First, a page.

Crysis 2 Review
The first Crysis had, and still has, a bit of a reputation associated with it. When it was released in 2007, it brought most modern computers to their respective knees with its high level of graphical fidelity, still impressive by todayís standards. To boot, it also boasted first-person shooting that was not only fun and satisfying, but surprisingly complex. Running around a tropical island in your body-augmenting nanosuit using speed, strength, armor and camouflage and take out enemies as you saw fit. Crysis the first, was a blast to play and a dream to look at with its only blemishes showing in a underwhelming story and a lackluster endgame.
Crysis 2 takes all of those aspects and tries to improve upon them. And the results are almost unanimously positive.
Taking place some three years after the events of the first game, Crysis finds you in the shoes, visor, and nanosuit of Alcatraz, a Marine Special Forces operative who unwittingly ended up in the suit due to the intervention of Prophet, the only surviving character from the first game. New York City is under attack from a lovely combination of a flesh-melting virus, a Private Military Organization known as CELL, and the Ceph squid-like aliens with jellyfish insides wrapped inside of metallic casings. The story is paced well with a couple of twists and turns. Itís standard sci-fi fare, but itís enjoyable none the less.
The nanosuit from the first game returns with some major tweaks. Most notably is the condensing of suit abilities. Where there were several different modes in the first game, here there are only two toggle able modes: Cloak and Armor. While this may seem like the sequel is gutting the suit from the first, nothing could be further from the truth. Tapping E on my keyboard sends me into invisible stalker mode, ala Predator, while Q turns me into a walking juggernaut, shrugging off bullets as long as my rapidly depleting energy meter is going. Cars can be kicked by holding the melee button next to them. High jumps can be used by holding the jump button for an extra moment. Same with a devastating melee attack in the form of a mean power-punch. Running, jumping, sliding, cloaking. Not only are these options well implemented, theyíre fun to use.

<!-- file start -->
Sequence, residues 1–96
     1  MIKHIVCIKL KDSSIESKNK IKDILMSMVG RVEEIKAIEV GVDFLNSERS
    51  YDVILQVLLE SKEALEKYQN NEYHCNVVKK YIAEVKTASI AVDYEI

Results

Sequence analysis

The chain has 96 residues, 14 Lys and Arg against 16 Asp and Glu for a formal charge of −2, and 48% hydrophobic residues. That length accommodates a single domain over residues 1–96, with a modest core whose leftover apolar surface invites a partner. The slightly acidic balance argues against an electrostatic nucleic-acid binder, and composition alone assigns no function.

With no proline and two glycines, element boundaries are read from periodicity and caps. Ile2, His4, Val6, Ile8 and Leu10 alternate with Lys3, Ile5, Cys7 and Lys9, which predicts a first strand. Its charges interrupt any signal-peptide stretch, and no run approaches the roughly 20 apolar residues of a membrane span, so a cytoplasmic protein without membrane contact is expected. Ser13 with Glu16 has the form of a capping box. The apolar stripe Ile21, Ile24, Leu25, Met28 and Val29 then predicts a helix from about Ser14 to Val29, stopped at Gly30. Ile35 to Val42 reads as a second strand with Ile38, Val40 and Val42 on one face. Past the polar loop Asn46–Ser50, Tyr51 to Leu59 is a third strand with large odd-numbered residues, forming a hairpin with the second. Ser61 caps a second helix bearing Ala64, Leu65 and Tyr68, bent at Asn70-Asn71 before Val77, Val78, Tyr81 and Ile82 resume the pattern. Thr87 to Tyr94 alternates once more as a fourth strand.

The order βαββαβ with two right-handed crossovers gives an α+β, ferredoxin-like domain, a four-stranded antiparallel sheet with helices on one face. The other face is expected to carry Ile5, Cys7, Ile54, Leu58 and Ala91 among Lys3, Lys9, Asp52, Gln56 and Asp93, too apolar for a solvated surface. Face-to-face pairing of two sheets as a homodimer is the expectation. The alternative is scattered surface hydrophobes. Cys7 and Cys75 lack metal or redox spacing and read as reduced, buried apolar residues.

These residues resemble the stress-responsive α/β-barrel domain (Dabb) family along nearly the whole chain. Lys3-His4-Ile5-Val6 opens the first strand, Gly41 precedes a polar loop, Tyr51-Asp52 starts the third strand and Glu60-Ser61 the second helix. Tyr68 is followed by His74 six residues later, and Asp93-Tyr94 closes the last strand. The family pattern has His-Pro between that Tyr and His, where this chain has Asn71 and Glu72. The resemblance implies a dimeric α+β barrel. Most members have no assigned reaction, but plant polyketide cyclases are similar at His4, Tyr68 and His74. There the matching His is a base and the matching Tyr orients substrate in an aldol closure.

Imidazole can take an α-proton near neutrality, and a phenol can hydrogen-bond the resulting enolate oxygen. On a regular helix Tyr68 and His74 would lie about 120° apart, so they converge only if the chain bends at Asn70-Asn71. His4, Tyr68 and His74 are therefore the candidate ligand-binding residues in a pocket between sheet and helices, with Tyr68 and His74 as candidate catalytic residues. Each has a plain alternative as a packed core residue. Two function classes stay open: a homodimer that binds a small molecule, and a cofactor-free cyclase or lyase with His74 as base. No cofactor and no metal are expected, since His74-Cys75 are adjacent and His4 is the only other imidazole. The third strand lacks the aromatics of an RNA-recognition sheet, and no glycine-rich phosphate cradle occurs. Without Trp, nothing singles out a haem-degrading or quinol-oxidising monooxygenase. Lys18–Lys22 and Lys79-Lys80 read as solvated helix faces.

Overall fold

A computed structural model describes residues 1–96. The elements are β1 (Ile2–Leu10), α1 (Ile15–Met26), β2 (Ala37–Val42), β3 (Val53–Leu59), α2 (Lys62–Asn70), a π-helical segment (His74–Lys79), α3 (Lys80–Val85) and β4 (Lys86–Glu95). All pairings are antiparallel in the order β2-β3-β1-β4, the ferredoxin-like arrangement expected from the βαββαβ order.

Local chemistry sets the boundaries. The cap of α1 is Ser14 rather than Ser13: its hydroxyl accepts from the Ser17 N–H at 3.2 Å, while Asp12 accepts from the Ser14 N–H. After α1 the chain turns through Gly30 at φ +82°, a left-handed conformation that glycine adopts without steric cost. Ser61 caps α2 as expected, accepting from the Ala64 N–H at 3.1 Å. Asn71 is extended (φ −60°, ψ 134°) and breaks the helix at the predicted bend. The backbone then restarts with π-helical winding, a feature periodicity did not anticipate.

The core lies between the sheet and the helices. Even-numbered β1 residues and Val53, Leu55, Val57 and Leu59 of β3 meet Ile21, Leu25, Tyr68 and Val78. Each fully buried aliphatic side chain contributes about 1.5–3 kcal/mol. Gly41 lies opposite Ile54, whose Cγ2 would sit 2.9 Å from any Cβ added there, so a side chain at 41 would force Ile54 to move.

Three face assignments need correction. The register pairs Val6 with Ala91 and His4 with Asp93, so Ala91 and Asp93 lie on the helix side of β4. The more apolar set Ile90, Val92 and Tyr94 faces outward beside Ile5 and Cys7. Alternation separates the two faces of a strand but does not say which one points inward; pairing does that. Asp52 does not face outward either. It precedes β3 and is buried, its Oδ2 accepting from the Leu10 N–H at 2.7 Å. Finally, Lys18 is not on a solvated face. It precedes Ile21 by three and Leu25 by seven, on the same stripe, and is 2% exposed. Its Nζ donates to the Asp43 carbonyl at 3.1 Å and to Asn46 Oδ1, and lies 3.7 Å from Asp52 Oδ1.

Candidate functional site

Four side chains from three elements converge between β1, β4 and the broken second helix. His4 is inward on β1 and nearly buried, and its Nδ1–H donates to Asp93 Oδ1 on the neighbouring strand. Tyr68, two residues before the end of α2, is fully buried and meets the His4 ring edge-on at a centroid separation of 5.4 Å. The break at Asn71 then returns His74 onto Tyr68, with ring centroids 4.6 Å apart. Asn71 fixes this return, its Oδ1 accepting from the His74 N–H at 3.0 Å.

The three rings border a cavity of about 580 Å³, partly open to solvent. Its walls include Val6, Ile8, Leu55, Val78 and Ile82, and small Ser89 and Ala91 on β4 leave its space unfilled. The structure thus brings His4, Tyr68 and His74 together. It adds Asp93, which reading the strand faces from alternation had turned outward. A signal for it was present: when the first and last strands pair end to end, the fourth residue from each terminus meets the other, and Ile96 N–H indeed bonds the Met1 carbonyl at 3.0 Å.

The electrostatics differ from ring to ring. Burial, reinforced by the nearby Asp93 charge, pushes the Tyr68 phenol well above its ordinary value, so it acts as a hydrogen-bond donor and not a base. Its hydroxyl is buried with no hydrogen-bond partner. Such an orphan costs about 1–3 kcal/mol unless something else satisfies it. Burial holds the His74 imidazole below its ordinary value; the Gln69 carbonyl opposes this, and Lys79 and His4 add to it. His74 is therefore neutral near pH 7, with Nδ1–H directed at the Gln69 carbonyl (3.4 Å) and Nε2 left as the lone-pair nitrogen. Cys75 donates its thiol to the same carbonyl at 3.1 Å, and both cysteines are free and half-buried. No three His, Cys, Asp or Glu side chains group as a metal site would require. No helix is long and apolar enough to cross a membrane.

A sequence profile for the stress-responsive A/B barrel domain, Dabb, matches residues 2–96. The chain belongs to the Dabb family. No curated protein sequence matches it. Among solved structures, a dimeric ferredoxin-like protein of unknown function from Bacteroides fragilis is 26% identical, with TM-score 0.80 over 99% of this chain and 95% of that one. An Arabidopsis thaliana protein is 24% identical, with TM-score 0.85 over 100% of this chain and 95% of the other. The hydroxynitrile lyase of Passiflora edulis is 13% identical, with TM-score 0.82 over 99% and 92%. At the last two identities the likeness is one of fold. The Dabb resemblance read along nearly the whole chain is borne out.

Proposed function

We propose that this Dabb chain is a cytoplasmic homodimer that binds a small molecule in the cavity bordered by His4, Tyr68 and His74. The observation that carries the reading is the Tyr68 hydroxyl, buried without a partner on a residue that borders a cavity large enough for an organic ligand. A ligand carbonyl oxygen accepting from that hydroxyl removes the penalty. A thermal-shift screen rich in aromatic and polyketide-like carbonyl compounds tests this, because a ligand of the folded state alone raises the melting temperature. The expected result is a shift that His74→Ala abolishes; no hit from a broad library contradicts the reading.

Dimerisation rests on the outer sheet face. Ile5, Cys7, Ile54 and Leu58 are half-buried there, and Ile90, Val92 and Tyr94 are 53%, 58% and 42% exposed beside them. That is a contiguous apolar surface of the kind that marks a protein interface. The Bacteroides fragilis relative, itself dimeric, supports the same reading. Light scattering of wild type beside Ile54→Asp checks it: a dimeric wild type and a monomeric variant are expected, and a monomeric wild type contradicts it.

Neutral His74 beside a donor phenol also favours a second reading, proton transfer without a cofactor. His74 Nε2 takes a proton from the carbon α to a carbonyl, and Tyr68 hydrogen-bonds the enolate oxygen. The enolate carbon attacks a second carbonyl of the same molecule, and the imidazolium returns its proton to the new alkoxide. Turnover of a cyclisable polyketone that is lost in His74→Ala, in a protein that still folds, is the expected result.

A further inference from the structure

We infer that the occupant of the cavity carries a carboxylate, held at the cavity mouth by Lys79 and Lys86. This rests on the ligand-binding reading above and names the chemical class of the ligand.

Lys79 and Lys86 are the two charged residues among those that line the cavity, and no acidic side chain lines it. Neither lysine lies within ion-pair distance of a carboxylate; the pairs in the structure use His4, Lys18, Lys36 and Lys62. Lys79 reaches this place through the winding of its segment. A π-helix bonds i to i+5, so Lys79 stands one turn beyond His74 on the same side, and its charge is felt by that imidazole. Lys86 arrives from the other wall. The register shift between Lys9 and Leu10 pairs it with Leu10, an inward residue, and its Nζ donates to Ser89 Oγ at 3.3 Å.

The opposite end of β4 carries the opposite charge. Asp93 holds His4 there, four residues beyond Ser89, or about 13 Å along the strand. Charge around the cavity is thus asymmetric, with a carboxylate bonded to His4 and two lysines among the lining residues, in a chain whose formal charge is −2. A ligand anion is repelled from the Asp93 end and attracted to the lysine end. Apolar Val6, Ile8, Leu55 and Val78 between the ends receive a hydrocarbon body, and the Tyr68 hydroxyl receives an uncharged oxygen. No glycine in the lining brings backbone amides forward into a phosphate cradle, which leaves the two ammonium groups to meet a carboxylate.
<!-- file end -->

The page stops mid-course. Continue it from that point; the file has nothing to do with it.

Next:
Combat for the most part is a joy. When presented with wide open spaces and tons of nooks and crannies to duck into, the game is at its peak. Popping into stealth, taking out a Ceph solider with a well placed headshot, going back into cloak, and running for cover to recharge, all the while watching the other patrols trying to find you, is cackle-worthy. One of my favorites of these moments occurs fairly early on and involved me snuffing out a search team, solider by solider as they attempted to track me down in the middle of a dust cloud from a recently collapsed bridge. Ducking behind freeway dividers, popping off a couple of shots with my silenced SMG, cloaking, flanking, and finally finishing off the last grunt with a stealthy 180 degree neck-snap. And thatís just one way I could have gone about that bit as well. The game is absolutely jam-packed with tactical options that range from sneaking to sniping to guns blazing. Crysis 2 gives you the tools to make you feel like an absolute badass, most of the time. Other instances have you running down corridors ala Call of Duty, leaving your tactical options severely limited. It seems like something that Crysis would try to avoid given all of toys you get to mess around with, but it does manage to break up the pacing a bit. Aside from the standard run-and-gun bits, there are a couple of driving sections that put you in an APC and send you cruising down a shattered expressway but these parts never last long enough to overstay their welcome.